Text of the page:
Decode, Composition and Movie TimesISO BMFF has three timelinesDecode timesComposition timesMovie/Presentation timeISO BMFF providesDecode deltas/timesComposition offsets (may be negative)Edit Lists signaled in movie headerThe presentation time for synchronized presentation is obtained asDT + CO + EL Segment /-- -- -- -- -- --\ /- -- -- -- --- --\ I3 P1 P2 P6 B4 B5 I9 P7 P8P12B10B11Presentation Order|==| P1 P2 I3 B4 B5 P6 |==| P7 P8 I9 B10 B11 P12 |==|Base media decode time060 Decode Delta 10 10 10 10 10 10 10 10 10 10 10 10 DT 0 10 20 30 40 50 60 70 80 90 100 110 EPT 10 70 Composition time offset 30 0 0 30 0 0 30 0 0 30 0 0 CT 30 10 20 60 40 50 90 70 80 120 100 110 Segment /-- -- -- -- -- --\ /- -- -- -- --- --\ I3 P1 P2 P6 B4 B5 I9 P7 P8 P12 B10 B11 Presentation Order |==| P1 P2 I3 B4 B5 P6 |==| P7 P8 I9 B10 B11 P12 |==| Base media decode time 0 60 Decode Delta 10 10 10 10 10 10 10 10 10 10 10 10 DT 0 10 20 30 40 50 60 70 80 90 100 110 EPT 0 60 Composition offset 20 -10 -10 20 -10 -10 20 -10 -10 20 -10 -10 CT 20 0 10 50 30 40 80 60 70 110 90 100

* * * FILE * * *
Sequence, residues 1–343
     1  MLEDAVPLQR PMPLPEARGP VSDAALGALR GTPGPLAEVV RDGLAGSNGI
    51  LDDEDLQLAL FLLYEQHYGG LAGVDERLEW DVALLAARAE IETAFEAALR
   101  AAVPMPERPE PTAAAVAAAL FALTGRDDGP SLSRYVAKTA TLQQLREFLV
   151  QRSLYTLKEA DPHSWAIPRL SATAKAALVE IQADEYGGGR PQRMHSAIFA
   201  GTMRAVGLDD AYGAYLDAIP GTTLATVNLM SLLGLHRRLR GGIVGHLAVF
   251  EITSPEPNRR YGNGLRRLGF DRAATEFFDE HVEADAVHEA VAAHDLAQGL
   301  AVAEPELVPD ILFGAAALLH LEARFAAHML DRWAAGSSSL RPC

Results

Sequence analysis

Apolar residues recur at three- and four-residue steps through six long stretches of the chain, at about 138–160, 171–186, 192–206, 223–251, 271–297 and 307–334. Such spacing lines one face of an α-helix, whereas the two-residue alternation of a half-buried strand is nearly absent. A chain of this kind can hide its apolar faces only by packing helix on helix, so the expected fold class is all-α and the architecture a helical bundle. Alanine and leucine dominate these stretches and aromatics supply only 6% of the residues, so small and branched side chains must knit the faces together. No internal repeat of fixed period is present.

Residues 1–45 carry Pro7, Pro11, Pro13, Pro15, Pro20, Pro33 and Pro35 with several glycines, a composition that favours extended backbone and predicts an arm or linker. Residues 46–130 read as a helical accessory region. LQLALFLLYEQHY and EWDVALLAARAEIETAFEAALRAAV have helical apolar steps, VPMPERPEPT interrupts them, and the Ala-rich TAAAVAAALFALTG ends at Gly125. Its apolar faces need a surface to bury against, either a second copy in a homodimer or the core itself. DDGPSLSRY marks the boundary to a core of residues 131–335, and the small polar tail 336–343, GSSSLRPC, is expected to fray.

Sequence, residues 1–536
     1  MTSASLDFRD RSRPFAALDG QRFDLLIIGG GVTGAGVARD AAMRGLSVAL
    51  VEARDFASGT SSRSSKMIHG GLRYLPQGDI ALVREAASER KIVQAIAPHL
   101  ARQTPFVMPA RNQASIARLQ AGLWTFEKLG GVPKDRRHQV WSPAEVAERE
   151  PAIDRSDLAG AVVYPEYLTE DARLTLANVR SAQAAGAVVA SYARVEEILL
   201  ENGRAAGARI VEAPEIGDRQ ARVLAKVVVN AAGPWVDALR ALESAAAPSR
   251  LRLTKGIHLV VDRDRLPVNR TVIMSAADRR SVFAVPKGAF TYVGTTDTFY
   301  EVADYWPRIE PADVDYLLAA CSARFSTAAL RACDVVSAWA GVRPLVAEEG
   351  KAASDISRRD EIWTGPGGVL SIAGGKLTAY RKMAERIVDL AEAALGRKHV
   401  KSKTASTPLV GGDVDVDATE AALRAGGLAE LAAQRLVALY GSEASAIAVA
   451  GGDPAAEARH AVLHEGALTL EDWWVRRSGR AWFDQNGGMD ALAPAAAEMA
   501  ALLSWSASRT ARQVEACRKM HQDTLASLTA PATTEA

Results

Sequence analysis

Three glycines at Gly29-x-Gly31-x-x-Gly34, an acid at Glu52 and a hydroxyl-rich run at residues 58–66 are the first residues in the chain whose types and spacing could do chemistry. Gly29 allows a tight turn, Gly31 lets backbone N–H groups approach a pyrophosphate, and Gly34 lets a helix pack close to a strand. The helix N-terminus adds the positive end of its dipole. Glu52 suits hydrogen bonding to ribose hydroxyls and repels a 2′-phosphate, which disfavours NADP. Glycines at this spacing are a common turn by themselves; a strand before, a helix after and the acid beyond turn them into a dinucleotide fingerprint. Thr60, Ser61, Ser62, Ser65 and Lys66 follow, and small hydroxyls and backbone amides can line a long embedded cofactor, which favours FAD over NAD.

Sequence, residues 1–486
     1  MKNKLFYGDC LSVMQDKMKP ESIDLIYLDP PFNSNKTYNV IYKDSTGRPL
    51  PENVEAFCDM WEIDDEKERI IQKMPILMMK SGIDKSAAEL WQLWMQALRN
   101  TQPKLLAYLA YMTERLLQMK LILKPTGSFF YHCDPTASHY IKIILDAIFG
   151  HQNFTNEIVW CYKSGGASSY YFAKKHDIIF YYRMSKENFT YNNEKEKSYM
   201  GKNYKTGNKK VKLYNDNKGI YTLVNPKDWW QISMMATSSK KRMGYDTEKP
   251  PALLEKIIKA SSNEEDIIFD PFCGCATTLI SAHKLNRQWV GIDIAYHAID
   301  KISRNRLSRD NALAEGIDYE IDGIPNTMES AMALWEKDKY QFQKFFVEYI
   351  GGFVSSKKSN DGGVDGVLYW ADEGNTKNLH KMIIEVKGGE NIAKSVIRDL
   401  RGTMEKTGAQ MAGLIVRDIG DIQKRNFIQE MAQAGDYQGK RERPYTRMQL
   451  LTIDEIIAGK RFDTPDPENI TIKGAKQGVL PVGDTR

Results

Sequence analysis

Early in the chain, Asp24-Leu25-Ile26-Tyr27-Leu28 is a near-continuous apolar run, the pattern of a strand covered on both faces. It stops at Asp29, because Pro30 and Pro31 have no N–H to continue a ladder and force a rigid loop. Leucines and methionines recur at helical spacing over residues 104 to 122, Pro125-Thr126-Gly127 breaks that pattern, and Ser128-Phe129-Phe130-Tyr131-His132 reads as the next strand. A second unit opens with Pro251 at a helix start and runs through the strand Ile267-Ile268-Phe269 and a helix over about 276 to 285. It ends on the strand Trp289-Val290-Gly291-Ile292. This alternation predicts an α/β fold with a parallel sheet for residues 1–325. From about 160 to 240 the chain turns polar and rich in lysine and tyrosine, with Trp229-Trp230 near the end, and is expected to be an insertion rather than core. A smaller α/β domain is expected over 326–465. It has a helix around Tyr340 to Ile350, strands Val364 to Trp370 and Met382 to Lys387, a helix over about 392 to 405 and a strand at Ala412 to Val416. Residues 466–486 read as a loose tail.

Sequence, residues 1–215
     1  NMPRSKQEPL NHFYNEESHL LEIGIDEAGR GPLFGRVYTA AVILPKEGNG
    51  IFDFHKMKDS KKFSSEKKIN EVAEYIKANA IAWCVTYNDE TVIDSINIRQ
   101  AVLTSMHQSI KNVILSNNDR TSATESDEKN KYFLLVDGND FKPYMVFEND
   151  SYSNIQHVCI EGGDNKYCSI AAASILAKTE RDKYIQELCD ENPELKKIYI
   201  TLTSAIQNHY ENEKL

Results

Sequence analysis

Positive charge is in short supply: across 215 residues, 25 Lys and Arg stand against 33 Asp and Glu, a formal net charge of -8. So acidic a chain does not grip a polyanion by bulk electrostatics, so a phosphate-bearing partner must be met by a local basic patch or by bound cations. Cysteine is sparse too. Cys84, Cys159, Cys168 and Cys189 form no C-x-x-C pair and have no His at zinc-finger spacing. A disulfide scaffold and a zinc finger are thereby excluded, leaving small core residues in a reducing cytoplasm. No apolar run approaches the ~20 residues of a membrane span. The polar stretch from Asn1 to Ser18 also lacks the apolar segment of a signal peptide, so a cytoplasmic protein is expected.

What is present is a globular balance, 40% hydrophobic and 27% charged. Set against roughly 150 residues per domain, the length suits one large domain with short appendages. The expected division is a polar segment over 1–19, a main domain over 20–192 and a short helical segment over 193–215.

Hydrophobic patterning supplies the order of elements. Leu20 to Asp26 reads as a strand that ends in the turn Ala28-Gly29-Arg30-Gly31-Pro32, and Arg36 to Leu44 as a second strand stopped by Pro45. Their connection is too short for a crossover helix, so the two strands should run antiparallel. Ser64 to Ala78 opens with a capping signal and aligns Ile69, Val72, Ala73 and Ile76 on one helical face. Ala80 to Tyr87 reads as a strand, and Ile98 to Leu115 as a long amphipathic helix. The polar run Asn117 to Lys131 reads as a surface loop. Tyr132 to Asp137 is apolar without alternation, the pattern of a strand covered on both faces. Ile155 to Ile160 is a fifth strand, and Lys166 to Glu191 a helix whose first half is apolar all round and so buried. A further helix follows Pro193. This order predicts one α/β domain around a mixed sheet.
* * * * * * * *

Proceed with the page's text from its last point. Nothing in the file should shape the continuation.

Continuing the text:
Metadata – TWO FORMSFirst, timed meta-data may be stored in an appropriate track, synchronized as desired with the media data it is describing.  See for example for 23001-10 for timed metadata, e.g. Region of interest, location, etc.support for non-timed collections of metadata items attached to the movie or to an individual track.  The actual data of these items may be in the metadata box, elsewhere in the same file, in another file, or constructed from other items.  these resources may be named, stored in extents, and may be protected.  These metadata containers are used in the support for file-delivery streaming, to store both the ‘files’ that are to be streamed, and also support information such as reservoirs of pre-calculated forward error-correcting (FEC) codes (e.g. hint tracks)The generalized meta-data structures may also be used at the file level, above or parallel with or in the absence of the movie box.  In this case, the meta-data box is the primary entry into the presentation.